This is when you are allowed to leave your home during lockdown

With the UK now on lockdown in a bid to reduce the spread of coronavirus, these are the only reasons why you can leave your home.

Tuesday, 24th March 2020, 7:01 am
Updated Tuesday, 24th March 2020, 7:01 am

- Shopping for basic necessities

The Prime Minister has asked the public to go out to buy basic necessities such as food and medicine ‘as infrequently as possible’ and to use delivery services where they could.

He said all shops selling non-essential goods, including clothing and electronic stores, would be closed immediately.

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Shops permitted to stay open include supermarkets and other food shops, health shops, pharmacies including non-dispensing pharmacies, petrol stations, bicycle shops, home and hardware shops, laundrettes and dry cleaners, garages, car rental firms, pet shops, corner shops, newsagents, post offices and banks.

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- One form of exercise a day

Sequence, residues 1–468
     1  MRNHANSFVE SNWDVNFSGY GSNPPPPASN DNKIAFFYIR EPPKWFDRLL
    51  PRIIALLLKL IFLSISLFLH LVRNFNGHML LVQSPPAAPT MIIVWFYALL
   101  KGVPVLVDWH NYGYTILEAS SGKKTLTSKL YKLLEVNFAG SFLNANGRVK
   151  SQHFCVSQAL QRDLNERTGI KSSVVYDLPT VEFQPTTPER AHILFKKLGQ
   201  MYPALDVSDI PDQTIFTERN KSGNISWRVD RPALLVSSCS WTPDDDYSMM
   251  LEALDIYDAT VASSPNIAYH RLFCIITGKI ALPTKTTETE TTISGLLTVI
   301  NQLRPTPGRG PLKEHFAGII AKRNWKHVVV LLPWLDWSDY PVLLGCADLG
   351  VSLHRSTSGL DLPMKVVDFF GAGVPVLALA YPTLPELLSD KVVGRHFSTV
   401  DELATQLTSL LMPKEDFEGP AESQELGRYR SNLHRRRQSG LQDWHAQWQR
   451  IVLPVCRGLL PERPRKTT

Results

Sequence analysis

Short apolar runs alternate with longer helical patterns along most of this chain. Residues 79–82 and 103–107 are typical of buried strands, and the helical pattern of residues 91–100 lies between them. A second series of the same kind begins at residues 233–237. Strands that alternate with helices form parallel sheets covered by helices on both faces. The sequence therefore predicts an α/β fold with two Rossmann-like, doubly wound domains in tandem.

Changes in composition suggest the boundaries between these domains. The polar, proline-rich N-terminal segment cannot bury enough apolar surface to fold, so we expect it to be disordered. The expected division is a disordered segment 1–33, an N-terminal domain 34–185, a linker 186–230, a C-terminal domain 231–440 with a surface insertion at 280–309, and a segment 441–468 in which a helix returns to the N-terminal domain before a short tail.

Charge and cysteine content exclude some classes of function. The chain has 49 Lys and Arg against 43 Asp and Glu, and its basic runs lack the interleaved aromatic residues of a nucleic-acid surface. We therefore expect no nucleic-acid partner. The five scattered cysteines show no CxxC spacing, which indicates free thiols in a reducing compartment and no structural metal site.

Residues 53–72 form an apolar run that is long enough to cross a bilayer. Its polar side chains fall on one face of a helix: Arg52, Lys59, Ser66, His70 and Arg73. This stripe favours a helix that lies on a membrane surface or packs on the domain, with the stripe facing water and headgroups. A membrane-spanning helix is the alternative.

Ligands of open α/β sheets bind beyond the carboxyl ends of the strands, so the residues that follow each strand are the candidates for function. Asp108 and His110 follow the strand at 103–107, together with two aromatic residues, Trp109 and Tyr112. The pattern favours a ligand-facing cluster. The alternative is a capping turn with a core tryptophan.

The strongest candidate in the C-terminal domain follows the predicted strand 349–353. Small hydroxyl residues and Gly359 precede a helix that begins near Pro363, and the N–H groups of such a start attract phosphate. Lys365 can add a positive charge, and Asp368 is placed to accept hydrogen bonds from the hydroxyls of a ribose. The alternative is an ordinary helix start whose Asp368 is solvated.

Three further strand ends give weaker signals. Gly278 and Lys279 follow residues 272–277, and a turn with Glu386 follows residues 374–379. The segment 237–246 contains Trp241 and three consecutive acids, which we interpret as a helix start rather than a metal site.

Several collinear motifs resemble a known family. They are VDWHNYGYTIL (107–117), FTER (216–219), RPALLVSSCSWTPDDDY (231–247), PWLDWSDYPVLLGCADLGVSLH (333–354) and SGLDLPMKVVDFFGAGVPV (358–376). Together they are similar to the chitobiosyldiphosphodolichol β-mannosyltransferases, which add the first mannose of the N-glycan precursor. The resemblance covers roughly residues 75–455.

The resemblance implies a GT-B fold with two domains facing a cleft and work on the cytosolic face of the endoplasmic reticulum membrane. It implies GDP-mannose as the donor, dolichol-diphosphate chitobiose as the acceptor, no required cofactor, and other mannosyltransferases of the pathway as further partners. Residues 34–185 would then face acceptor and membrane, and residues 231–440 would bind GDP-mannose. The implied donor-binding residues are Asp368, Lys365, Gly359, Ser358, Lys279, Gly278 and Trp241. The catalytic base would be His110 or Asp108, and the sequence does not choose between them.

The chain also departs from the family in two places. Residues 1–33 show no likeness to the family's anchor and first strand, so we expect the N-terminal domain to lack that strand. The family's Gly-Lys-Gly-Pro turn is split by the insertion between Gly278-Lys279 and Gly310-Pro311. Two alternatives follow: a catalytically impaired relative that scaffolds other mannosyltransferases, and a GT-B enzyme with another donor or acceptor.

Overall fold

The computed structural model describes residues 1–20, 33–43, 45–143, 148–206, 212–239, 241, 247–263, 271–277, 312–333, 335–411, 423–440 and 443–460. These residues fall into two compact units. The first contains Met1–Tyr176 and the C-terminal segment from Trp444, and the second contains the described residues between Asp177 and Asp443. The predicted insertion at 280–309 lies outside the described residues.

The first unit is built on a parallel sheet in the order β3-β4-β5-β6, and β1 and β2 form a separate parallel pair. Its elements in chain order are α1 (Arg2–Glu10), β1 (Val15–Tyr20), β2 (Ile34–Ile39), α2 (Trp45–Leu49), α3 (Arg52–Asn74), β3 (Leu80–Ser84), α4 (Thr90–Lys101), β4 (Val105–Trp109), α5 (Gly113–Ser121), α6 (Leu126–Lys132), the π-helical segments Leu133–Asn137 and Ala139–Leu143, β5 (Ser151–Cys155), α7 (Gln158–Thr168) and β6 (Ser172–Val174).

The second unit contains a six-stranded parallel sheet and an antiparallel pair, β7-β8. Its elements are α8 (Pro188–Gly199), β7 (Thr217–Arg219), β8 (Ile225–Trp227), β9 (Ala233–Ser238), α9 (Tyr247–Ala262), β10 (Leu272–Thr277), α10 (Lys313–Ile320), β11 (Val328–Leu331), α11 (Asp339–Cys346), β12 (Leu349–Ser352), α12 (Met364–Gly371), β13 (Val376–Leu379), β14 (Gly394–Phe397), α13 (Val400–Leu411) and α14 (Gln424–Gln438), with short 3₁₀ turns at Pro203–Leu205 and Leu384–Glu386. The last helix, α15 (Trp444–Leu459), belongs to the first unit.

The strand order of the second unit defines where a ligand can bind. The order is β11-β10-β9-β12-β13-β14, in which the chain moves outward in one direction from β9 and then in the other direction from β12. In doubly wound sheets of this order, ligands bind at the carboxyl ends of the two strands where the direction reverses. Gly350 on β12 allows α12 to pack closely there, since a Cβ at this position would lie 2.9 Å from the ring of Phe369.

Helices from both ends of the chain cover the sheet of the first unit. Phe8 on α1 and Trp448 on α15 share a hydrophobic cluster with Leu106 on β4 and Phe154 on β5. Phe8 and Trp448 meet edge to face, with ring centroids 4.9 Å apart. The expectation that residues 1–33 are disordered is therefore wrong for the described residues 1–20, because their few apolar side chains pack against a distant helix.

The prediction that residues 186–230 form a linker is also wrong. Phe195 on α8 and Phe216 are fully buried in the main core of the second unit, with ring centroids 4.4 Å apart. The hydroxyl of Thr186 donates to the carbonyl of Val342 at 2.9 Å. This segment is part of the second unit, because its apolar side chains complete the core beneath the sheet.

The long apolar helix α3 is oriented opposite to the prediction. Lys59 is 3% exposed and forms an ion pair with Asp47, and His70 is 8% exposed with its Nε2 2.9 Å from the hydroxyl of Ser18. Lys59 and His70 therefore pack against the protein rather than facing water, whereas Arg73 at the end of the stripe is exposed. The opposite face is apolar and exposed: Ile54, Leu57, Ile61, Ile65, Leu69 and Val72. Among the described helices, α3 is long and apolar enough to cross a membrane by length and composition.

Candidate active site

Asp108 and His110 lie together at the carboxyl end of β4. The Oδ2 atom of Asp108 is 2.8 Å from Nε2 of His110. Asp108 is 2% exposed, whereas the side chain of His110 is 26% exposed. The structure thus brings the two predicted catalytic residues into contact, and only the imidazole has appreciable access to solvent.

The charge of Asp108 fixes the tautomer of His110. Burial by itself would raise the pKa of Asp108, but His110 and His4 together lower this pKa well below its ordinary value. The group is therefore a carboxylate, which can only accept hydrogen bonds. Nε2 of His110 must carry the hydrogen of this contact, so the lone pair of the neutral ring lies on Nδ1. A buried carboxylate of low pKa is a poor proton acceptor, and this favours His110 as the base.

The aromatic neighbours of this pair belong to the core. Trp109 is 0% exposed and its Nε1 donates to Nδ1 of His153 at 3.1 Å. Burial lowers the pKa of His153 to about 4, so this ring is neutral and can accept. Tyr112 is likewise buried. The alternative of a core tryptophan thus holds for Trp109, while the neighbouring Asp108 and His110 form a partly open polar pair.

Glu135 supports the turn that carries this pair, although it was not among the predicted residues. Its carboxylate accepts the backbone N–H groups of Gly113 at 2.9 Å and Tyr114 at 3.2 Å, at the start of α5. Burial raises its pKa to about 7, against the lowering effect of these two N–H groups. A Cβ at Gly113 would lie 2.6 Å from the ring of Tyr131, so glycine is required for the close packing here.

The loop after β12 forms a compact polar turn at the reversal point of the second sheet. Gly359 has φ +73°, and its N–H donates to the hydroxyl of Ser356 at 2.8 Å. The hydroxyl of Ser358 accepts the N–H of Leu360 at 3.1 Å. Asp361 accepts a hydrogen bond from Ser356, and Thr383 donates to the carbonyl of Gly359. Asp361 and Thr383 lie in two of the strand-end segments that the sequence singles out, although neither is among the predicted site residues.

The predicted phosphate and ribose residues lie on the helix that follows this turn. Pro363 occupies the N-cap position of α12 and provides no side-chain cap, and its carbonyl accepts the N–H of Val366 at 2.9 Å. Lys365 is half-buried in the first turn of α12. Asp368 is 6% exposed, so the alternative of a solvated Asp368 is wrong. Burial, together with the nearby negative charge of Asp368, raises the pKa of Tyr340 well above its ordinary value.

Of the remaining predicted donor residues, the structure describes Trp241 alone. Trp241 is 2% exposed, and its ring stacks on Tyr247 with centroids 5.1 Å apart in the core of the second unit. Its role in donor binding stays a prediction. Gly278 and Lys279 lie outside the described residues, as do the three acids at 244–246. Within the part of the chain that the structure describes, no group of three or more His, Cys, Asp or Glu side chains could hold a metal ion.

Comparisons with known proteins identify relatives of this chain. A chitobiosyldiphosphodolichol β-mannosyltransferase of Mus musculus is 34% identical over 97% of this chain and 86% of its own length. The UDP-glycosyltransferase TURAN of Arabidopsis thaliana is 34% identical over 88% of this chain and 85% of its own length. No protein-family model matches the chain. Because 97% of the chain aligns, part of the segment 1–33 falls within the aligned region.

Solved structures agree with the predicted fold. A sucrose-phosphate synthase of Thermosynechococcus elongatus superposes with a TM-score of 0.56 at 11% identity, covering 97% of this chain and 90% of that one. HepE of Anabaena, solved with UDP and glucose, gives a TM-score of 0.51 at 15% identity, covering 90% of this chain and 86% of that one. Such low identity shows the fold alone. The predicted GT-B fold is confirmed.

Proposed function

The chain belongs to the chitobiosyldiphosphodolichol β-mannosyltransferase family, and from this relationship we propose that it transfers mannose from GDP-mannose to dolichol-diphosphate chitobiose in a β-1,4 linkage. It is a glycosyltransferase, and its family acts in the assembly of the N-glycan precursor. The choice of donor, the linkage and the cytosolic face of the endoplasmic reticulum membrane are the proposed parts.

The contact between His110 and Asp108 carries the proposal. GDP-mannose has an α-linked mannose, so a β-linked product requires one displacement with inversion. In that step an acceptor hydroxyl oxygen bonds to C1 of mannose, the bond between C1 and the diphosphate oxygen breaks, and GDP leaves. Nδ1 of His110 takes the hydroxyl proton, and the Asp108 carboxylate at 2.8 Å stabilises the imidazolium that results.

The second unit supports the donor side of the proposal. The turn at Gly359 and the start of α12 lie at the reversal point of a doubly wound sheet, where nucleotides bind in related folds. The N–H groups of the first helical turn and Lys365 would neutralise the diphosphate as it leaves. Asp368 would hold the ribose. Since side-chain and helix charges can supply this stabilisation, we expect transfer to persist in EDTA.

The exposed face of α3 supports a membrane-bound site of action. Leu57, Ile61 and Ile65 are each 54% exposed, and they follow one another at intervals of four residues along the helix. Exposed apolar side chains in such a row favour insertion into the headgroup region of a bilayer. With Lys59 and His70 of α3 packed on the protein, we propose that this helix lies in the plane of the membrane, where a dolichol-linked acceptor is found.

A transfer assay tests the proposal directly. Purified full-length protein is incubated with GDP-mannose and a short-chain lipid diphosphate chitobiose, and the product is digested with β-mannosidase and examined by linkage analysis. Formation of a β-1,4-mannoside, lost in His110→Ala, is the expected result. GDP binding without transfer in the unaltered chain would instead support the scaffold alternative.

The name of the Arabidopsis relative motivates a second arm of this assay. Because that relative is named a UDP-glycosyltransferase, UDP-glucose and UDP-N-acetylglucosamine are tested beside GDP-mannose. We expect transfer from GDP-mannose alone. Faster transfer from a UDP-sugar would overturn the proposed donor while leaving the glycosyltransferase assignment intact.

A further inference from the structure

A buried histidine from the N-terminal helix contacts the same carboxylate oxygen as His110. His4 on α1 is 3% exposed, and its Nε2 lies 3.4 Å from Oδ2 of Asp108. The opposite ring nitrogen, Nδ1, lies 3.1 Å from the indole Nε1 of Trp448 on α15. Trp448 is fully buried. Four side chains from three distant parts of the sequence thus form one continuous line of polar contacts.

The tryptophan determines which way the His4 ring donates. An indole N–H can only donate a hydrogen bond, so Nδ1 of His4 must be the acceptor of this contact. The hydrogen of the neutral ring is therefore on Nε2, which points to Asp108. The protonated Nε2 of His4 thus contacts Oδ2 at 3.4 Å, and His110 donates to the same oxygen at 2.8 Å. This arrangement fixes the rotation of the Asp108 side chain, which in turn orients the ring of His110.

Mr Johnson also said: “You should not be meeting friends. If your friends ask you to meet, you should say no.”

But he said going to the park for a run, walk, or cycle - alone or with members of your household - was acceptable.

Government guidance says even when doing these activities, you should be minimising the time spent outside of the home and ensuring you are two metres apart from anyone outside of your household.

- Any medical need, or to provide care or to help a vulnerable person

Medical needs or providing care for vulnerable people are also permitted reasons for leaving the home - and this includes going out to donate blood.

Following the PM's address, a spokesman for NHS Blood and Transplant said: “People can still donate blood. Giving blood is classed as a medical need and a form of helping vulnerable people.

“It is essential to patients and the NHS. If you are fit and well, please keep donating as normal.”

- Travelling to and from work when absolutely necessary

Travelling to and from work is only allowed for those listed as key workers and who cannot work from home by any means.

This list includes doctors, nurses, delivery drivers and some teachers.

These measures are effective immediately but the Government will review them in three weeks - and relax them if the evidence shows this is possible.